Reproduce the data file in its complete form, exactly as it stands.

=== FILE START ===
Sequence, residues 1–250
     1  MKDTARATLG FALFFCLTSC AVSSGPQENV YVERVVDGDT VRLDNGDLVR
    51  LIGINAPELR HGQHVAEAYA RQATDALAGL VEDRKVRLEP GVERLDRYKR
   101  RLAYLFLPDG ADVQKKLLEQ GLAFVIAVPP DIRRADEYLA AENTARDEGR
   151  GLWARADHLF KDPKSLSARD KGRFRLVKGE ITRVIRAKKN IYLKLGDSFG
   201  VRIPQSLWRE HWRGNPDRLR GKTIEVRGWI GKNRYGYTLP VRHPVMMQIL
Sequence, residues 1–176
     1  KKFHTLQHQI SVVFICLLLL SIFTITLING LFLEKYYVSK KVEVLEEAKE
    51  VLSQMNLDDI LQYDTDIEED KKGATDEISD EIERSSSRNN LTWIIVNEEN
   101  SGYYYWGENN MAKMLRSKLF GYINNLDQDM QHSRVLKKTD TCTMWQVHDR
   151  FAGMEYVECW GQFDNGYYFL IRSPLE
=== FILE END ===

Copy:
Sequence, residues 1–250
     1  MKDTARATLG FALFFCLTSC AVSSGPQENV YVERVVDGDT VRLDNGDLVR
    51  LIGINAPELR HGQHVAEAYA RQATDALAGL VEDRKVRLEP GVERLDRYKR
   101  RLAYLFLPDG ADVQKKLLEQ GLAFVIAVPP DIRRADEYLA AENTARDEGR
   151  GLWARADHLF KDPKSLSARD KGRFRLVKGE ITRVIRAKKN IYLKLGDSFG
   201  VRIPQSLWRE HWRGNPDRLR GKTIEVRGWI GKNRYGYTLP VRHPVMMQIL
Sequence, residues 1–176
     1  KKFHTLQHQI SVVFICLLLL SIFTITLING LFLEKYYVSK KVEVLEEAKE
    51  VLSQMNLDDI LQYDTDIEED KKGATDEISD EIERSSSRNN LTWIIVNEEN
   101  SGYYYWGENN MAKMLRSKLF GYINNLDQDM QHSRVLKKTD TCTMWQVHDR
   151  FAGMEYVECW GQFDNGYYFL IRSPLE